The objective is to finetune a network pre-trained on ImageNet to classify a photo of an animal into one of 10 taxonomic classes (insect, bird, mammal, etc). The photos come from iNaturalist 2017 and are very similar to ImageNet photos.
I compare two pretrained networks that are both extensions of Inception: the newer Inception-ResNet V2 (shown in reds above) and the older Inception V3 (shown in violet/blues). One might expect the newer variant to outperform the older one (it certainly does on ImageNet).
Both networks are trained on 8 GPUs on GCP. The only difference across the two experiments is the model architecture with pre-trained weights loaded in from Keras. See the run diff panel below for an explicit side-by-side comparison of the hyperparameters. The distributed training simply uses the data-parallel training utility function in Keras (multi_gpu_model())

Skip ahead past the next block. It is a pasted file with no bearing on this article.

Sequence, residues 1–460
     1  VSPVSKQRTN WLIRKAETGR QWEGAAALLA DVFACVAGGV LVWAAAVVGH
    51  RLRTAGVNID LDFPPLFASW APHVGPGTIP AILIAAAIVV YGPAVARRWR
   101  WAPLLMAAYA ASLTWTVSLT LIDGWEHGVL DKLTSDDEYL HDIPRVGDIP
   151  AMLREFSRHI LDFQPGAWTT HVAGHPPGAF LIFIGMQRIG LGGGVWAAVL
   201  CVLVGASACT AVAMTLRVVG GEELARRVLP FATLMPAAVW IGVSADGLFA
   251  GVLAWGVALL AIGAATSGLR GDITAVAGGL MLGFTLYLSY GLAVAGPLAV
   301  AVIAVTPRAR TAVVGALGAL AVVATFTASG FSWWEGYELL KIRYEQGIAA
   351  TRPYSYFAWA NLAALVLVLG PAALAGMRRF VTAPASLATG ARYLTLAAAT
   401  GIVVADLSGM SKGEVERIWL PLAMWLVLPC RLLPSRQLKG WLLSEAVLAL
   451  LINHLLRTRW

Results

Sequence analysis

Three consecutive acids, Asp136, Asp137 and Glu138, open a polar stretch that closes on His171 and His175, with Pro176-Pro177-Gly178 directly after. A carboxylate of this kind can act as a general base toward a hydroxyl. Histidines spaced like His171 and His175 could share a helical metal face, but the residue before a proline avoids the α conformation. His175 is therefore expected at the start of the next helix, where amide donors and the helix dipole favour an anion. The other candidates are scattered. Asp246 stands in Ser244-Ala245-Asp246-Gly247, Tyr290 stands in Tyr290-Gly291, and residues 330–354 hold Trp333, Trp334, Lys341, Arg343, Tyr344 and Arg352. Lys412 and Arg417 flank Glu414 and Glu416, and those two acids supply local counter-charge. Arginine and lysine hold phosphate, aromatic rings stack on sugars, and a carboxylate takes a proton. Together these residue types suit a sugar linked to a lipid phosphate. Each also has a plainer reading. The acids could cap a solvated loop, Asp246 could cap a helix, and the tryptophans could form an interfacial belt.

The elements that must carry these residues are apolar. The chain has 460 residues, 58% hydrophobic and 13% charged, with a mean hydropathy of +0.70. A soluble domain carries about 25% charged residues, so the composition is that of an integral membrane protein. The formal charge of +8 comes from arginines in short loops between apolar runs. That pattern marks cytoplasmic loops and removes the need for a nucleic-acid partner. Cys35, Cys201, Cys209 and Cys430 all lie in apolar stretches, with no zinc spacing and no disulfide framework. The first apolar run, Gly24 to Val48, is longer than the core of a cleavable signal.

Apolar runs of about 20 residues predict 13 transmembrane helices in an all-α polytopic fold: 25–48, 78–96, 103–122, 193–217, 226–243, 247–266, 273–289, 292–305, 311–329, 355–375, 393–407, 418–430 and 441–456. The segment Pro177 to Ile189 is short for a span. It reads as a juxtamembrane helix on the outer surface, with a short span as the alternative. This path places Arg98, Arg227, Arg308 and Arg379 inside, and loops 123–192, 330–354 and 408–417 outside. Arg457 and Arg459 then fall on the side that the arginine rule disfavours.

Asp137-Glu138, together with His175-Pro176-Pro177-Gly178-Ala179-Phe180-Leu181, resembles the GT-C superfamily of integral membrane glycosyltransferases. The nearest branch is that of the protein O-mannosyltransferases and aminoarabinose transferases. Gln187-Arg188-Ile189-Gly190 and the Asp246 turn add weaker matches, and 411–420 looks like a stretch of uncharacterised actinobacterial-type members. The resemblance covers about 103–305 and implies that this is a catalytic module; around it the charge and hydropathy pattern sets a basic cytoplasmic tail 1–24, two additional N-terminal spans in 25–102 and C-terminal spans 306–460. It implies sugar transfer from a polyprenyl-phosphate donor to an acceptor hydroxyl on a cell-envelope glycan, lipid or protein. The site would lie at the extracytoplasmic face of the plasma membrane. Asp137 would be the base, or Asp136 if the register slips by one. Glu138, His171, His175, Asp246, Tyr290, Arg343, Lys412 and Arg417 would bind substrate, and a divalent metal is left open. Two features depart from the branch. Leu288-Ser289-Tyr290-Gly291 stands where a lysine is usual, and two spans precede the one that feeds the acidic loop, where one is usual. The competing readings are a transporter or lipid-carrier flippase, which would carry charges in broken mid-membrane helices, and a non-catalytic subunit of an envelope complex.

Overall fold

Note that the training accuracy (right image above, dense dotted lines) and training loss (right image above, dashed lines) are very similar. However, the validation accuracy (the metric we really care about) is much higher—by 20%—for IN V3 as compared to IRN V2.
To optimize for efficiency, I may choose the better-performing Inception V3 base network for further experiments. However, some interesting questions arise: why is the workload distributed so unevenly with IRN V2? Does the Keras multi_gpu_model() behave differently in these two cases? Was my GCP configuration somehow off during one of these experiments? Is the finetuning task not suited for IRN V2 for more subtle reasons? More detailed investigation of system metrics could help explain this.
This is a surprisingly large difference. The GPU usage across the two models may help explain this: consider Inception-ResNet V2 (IRN V2, red colors) and Inception V3 (IN V3, blue colors) below. In IRN V2, GPU 0 is does way more work: 6-8X the work of the other 7 GPUs (dropping at the end of the first epoch, at around 46 minutes). When training Inception V3, all 8 GPUs share work approximately evenly.